Republican leaders in the district rapidly coalesced behind VanDrew, forcing the withdrawal from the race of Brian Fitzherbert of Egg Harbor Township and rescinding the endorsement of David Richter, a wealthy business executive who moved from Princeton to Avalon to seek the nomination and who is now reportedly considering moving yet again to the neighboring Third District to enter the Republican primary to oppose Rep. Andy Kim.

When Brigid Callahan Harrison, a Montclair University professor, announced her intention to oppose Van Drew in the Democratic primary, she quickly scooped up endorsements from six of the eight county chairs in the district as well as that of Senate President Steve Sweeney (D-Gloucester) and — more significantly — a leading legislator closely aligned with South Jersey powerbroker George Norcross.

Van Drew’s party change, while not impacting Harrison’s plans, quickly drew Amy Kennedy, wife of former Rhode Island Democratic Congressman Patrick Kennedy, into the race where she instantly become a formidable candidate.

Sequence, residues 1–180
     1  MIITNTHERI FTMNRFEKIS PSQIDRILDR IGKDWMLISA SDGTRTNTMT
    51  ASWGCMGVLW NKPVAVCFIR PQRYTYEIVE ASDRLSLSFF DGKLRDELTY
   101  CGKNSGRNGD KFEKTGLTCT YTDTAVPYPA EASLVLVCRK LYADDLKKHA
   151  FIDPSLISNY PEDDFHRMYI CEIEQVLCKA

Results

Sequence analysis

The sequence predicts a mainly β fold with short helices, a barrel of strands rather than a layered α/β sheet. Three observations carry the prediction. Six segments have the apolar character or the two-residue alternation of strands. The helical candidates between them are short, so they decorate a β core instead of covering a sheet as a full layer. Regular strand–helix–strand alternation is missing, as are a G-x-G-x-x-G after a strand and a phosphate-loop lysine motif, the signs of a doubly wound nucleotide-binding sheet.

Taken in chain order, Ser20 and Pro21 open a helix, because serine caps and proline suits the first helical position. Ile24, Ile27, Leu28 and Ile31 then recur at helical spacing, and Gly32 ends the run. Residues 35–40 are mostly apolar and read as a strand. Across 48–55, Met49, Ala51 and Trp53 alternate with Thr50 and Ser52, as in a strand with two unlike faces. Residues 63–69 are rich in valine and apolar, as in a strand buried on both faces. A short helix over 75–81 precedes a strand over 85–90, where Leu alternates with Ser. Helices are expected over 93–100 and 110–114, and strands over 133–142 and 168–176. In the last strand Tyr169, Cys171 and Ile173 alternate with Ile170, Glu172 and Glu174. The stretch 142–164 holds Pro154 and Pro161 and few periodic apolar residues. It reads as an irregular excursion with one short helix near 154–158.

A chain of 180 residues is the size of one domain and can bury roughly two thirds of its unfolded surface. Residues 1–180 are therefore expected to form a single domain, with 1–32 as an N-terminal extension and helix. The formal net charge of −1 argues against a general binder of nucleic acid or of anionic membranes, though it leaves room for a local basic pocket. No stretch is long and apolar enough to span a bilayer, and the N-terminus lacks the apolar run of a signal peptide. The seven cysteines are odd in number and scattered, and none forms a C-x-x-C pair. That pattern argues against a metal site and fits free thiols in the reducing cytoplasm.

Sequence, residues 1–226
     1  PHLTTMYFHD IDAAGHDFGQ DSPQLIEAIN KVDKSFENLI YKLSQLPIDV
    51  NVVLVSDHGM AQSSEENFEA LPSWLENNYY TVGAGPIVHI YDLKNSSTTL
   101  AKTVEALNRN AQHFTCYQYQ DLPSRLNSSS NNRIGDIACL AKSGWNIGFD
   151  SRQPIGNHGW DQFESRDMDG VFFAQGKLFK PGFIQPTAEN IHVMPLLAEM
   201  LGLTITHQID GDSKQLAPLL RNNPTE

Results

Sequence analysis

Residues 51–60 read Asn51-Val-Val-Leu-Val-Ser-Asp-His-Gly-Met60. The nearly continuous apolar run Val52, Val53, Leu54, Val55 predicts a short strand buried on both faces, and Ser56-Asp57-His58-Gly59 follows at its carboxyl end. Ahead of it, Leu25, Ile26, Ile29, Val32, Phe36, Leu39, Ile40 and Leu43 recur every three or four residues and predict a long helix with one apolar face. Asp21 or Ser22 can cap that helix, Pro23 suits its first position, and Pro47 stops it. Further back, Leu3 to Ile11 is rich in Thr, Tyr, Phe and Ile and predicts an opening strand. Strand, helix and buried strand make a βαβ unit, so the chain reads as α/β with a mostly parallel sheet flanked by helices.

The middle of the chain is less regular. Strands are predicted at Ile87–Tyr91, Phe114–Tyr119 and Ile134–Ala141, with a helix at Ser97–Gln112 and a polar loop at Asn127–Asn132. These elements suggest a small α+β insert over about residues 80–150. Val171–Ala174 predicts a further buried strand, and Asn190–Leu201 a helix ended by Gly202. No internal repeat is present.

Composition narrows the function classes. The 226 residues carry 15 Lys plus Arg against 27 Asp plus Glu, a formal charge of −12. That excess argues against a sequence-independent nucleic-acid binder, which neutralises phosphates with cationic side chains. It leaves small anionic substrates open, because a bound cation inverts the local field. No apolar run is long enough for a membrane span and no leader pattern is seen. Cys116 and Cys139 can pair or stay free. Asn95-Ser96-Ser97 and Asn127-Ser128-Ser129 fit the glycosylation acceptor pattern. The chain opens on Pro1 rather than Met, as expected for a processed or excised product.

While there are four other Democrats in the contest, it appears to be a largely Harrison-Kennedy competition — Harrison with establishment endorsements and Kennedy with an instantly recognizable political name and connected by marriage to one of the nation’s most storied families.

There is something of a wishful thinking air surrounding Kennedy’s candidacy, a belief that the Kennedy name and family will carry the day for her.  The Kennedy mystique remains strong, the theory goes, and Democrats will respond favorably to it.

Perhaps.  But, it’s been 57 years since President Kennedy was assassinated; 52 years since Sen. Robert Kennedy was assassinated, and 10 years since the death of Sen. Ted Kennedy.

To be sure, the Kennedys are forever a part of United States history, but whether their impact remains strong and the lure of their legacies remains vivid is open to question.

Amy Kennedy has made clear she is her own person, seeking public office on the strength of her qualifications and the appeal of her policy positions. Her last name shouldn’t matter.

Harrison, while enjoying the support of the party movers and shakers, has made it clear she will not stand down in the face of a Kennedy challenge and will rely rather heavily on the organizational support already pledged to her.